For all the series' emphasis on choices, the tendency to be or not to be racist seems almost entirely impervious to change. Of the many characters in the series who espouse racist beliefs, only Draco may have become less racist as a function of his life experiences, and even that possible transformation is mostly left to the reader's imagination. Is the depiction of Draco's steadfast racism realistically drawn, especially in the face of consistent evidence against pure-blood superiority? Actually, it is.
Draco's imperviosness in the first six books (and arguably the seventh too) to any information that contradicts his deeply held conviction of pure-blood superiority is consistent with cognitive dissonance theory, which holds that people experience emotional discomfort when their attitudes are challenged and tend to try to eliminate this discomfort by discounting the challenging information, rather than engaging in the more difficult task of changing their belief system to accommodate it. Thus, when Draco's belief in pure-blood superiority is challenged by Hermione's obvious intelligence, he finds reasons to invalidate her accomplishments (e.g., she sucks up to the teachers or she studies so much because she is too ugly to have friends).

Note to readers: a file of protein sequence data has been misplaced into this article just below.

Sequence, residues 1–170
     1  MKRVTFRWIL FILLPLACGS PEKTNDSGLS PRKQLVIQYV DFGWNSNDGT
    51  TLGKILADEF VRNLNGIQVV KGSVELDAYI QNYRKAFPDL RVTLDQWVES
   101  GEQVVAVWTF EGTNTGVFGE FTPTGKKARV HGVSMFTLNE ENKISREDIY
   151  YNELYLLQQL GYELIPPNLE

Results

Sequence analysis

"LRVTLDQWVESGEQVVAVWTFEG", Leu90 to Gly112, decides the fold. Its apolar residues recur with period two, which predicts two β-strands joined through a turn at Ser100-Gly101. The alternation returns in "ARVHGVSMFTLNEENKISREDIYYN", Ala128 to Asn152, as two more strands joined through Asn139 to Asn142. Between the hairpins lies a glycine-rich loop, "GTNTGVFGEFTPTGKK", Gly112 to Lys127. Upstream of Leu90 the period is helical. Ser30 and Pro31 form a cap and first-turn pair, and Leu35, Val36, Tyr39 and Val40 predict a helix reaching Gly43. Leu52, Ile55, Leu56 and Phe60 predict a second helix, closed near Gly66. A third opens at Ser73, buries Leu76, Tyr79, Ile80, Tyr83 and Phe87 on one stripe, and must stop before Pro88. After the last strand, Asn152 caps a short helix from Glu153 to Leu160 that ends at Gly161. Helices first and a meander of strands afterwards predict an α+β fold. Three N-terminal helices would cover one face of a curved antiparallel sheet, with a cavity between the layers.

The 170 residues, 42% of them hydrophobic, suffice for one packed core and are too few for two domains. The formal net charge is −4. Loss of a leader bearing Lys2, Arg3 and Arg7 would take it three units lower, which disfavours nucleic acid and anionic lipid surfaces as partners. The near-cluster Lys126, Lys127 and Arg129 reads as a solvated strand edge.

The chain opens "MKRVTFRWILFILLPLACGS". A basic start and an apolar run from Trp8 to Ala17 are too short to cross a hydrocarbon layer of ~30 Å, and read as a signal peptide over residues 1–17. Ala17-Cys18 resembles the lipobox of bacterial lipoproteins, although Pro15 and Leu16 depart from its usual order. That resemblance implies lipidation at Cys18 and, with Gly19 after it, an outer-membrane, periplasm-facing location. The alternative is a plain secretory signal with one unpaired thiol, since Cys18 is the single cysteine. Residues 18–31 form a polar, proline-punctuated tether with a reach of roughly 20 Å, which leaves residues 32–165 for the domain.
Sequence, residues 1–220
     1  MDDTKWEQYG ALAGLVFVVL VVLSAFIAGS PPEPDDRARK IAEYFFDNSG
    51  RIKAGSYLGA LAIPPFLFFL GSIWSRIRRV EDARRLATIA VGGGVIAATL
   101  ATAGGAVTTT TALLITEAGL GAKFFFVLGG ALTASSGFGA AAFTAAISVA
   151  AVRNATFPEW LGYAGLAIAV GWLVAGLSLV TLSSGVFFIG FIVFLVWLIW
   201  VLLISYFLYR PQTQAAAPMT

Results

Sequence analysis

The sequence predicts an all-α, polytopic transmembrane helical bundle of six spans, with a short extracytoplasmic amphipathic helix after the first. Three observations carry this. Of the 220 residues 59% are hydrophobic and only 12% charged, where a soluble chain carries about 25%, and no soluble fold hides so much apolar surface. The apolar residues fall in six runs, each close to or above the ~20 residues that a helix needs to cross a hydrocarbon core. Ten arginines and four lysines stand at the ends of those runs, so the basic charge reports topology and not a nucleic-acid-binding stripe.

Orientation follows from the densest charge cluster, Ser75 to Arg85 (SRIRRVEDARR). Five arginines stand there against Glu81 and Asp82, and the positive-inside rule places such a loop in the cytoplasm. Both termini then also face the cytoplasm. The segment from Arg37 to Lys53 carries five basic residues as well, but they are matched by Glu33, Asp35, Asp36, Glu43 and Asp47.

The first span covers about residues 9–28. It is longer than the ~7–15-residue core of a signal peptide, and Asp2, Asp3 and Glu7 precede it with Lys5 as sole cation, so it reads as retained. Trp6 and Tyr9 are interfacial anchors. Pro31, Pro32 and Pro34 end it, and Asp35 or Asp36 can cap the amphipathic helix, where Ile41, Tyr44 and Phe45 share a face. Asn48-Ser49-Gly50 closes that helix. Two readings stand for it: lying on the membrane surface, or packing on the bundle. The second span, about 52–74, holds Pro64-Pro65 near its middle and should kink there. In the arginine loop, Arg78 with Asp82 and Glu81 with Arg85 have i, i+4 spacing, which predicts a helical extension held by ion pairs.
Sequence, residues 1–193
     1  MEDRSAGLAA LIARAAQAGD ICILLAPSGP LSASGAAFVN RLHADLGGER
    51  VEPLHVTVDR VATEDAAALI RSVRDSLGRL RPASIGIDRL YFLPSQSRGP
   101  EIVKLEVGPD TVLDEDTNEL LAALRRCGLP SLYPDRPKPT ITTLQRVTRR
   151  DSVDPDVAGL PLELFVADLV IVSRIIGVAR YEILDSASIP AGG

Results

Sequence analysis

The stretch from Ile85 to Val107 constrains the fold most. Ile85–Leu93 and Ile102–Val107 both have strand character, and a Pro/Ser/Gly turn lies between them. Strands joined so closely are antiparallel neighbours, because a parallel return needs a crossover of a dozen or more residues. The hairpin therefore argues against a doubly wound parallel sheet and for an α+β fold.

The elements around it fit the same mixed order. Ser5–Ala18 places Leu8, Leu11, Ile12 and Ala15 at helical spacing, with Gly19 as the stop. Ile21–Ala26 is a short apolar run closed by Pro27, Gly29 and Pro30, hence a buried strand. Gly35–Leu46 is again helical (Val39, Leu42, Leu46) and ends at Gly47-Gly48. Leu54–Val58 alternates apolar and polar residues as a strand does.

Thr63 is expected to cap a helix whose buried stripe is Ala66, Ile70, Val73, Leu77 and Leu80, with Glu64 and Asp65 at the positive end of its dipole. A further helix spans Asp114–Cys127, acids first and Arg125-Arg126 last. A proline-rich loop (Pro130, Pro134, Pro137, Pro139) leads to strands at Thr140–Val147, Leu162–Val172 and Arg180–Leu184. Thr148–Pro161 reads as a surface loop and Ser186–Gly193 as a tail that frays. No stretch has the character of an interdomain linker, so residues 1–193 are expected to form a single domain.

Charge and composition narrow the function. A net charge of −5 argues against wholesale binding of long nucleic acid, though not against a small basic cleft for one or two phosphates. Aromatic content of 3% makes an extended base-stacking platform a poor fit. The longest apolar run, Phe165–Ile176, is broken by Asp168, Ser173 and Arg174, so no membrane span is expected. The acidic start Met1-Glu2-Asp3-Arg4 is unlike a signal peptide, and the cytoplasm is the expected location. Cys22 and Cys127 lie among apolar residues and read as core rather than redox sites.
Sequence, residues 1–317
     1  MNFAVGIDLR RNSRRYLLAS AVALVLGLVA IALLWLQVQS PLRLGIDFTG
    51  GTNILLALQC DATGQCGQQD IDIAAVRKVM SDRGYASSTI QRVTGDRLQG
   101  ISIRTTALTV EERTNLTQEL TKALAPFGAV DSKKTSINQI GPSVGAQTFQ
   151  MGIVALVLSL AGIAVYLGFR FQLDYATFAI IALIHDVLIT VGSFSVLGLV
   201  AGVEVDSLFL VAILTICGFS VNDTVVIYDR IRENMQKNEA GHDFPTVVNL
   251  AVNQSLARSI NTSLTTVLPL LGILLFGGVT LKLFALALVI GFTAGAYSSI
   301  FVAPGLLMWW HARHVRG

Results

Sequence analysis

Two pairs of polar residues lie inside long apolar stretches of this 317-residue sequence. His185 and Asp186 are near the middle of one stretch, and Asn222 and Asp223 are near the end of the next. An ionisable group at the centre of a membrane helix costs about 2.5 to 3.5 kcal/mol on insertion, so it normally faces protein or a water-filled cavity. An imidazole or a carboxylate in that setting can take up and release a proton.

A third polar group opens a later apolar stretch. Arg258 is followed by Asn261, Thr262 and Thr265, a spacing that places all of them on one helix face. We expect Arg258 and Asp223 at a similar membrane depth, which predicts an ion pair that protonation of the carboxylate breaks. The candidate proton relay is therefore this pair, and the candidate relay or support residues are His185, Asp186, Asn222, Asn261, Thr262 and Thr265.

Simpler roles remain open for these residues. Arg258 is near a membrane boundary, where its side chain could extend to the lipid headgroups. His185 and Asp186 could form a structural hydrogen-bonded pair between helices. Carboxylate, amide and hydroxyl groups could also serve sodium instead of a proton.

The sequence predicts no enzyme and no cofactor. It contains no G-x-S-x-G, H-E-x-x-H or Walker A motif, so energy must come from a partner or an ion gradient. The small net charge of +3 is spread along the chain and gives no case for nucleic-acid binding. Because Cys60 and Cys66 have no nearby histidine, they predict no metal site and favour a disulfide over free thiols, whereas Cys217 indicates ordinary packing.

This is not to say that there would be no hope for Draco in the real world. Racial identity models developed by psychologists William Cross and Janet Helms suggest that emotional, personal experiences that challenge one's beliefs regarding race may create enough cognitive dissonance to inspire real attitude change. Perhaps Dumbledore's unstinting faith in him in Harry Potter and the Half-Blood Prince might have inspired Draco to re-examine his beliefs. Or perhaps Harry's choice to reveal to Draco's mother that her son was alive might have done so. As usual, Rowling doesn't provide us with the Slytherin perspective, but it's not a stretch to imagine that the intense course of events in Harry Potter and the Deathly Hallows may have provoked Draco's racial growth.